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Is my window bright enough?

by Timber Press on June 25, 2018

in Gardening

My window is bright enough, right? New indoor growers ask this hopeful question all too frequently, and it often leads to disappointment.

While many books and websites insist that you need only a bright window to get your tomato seeds going or your orchids reblooming, this approach is rarely satisfying.

Ambient light levels inside your home are significantly lower in intensity and ultimately different in spectrum than natural outdoor light, especially during the winter months. Even a seemingly bright window may not provide enough light, or the right kind, for young seedlings or fruit-producing plants. Have you ever started seeds indoors in a sunny window, only to watch the tiny seedlings lean so far that they topple over? Perhaps you’ve tried some beautiful succulents and watched them do the same.

Your plants are starving for, and stretching toward, the light.

There are plenty of low-light tropicals and blooming plants that you can grow successfully indoors with good ambient light, and you can maintain certain light-loving succulents for a while in a windowsill. But even a bright windowsill is typically not the right location for plants you intend to harvest for food. The same goes for heavy-blooming plants. Reproduction is an energy-intensive process. Producing flowers, fruit, and seed requires a lot of juice. Plants need enough light, and the right kind of light, to get the job done.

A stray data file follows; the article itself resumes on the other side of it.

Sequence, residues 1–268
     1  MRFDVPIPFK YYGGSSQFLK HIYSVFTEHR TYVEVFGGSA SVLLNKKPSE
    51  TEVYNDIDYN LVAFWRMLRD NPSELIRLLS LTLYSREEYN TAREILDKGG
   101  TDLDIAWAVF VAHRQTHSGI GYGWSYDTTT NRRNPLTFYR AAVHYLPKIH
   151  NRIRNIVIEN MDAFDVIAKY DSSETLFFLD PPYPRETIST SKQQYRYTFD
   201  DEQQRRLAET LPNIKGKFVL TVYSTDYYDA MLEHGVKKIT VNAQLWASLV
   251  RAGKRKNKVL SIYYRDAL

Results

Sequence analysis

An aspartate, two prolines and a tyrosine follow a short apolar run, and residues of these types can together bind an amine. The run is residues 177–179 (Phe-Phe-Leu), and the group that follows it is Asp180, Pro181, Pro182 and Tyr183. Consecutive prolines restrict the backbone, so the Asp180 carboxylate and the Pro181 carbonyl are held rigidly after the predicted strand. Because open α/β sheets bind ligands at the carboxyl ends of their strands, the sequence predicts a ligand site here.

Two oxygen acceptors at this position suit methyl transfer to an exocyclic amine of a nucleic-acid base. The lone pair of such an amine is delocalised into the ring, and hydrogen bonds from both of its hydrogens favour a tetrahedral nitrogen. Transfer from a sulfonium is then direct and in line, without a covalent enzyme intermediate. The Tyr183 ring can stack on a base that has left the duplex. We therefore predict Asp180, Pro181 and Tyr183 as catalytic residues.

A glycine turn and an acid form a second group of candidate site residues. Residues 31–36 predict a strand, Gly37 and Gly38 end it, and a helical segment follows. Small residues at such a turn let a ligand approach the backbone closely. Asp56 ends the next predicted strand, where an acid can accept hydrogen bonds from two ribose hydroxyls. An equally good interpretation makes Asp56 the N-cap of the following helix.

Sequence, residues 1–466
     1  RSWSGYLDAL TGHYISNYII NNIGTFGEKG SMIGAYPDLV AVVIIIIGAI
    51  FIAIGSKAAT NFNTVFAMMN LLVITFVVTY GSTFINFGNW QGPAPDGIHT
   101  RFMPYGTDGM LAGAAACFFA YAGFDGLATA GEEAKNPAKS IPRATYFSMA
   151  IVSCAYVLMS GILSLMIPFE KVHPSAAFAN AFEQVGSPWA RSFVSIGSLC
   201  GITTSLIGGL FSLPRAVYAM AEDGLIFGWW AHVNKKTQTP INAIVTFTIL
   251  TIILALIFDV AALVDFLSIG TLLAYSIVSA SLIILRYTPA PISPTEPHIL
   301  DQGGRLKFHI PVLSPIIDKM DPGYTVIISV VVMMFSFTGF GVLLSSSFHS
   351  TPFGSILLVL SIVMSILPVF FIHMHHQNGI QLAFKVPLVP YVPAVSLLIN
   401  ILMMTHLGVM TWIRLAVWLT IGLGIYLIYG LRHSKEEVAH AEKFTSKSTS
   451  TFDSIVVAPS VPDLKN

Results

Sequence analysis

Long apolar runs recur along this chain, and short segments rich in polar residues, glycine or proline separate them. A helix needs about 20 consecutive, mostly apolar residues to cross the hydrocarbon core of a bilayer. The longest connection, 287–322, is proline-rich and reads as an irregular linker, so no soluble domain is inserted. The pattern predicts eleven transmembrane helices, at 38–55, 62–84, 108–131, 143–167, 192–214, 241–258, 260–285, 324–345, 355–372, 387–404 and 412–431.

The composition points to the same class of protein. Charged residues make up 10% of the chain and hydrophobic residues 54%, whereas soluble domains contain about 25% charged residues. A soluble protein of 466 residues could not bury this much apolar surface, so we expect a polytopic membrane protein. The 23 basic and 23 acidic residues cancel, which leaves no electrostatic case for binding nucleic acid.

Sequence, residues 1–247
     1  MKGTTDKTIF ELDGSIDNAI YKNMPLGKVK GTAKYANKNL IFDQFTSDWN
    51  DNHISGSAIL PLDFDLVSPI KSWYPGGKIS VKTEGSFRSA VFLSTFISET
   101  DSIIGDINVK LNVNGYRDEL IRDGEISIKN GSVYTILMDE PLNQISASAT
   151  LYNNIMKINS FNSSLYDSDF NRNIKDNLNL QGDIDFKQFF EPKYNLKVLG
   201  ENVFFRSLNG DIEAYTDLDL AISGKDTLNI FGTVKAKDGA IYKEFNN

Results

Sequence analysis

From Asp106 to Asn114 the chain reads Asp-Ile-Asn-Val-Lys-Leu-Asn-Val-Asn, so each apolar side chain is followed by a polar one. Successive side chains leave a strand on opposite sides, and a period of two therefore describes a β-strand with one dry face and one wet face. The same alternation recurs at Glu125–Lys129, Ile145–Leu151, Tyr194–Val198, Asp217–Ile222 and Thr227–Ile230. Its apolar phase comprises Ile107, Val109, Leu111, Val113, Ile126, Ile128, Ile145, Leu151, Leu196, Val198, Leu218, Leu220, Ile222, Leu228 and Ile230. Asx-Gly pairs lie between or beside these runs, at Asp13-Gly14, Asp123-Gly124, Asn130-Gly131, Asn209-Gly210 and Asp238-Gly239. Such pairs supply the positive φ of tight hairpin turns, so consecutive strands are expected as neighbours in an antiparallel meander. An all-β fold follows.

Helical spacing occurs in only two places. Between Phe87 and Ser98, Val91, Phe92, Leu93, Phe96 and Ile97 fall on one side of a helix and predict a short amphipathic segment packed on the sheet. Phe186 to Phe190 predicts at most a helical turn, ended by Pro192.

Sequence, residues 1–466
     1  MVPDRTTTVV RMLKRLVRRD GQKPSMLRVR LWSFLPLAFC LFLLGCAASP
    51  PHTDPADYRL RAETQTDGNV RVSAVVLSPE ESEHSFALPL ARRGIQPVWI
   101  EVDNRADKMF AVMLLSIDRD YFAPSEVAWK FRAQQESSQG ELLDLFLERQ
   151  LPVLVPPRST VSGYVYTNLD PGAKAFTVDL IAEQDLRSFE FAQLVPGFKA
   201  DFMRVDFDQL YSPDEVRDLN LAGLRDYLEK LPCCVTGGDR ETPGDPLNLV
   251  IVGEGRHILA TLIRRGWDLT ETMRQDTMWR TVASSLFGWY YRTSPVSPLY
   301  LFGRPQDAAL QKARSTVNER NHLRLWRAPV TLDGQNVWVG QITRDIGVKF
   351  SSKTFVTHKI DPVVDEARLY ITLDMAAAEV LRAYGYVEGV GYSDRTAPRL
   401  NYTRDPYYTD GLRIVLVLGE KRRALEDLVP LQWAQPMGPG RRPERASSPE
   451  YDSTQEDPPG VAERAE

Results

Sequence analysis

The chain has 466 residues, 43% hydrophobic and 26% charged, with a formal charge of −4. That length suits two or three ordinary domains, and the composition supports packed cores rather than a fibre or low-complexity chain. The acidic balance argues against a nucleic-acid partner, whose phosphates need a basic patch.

You may have learned that in your outdoor garden, plants that produce large fruit, such as tomatoes, require roughly double the duration and intensity of direct sunlight as plants that produce mostly foliage, such as leafy greens and lettuce.

A plant’s heritage—that is, the geographical area where it naturally evolved—dictates its requirements for specific light intensity, duration, and spectrum to reproduce successfully. If you are going to invest time, effort, and money in indoor growing, quality supplemental lighting should be your number-one priority.

If you already garden outside, growing plants indoors under lights is a great way to supplement your efforts and extend your seasons and yields. If gardening indoors is your only option, grow lighting can transform your living and eating experiences and bring some much-needed nature into your home.


Leslie F. Halleck is a dedicated horticulturist with a master’s in horticulture from Michigan State University. She is a Certified Professional Horticulturist (CPH) via The American Society for Horticulture Science, with more than 25 years of green industry experience in research, greenhouse production, public gardens, garden center retail, landscape and design services, and gardening communications. She currently runs Halleck Horticultural, LLC, a company that provides consulting services to green industry businesses, as well as horticultural consulting.

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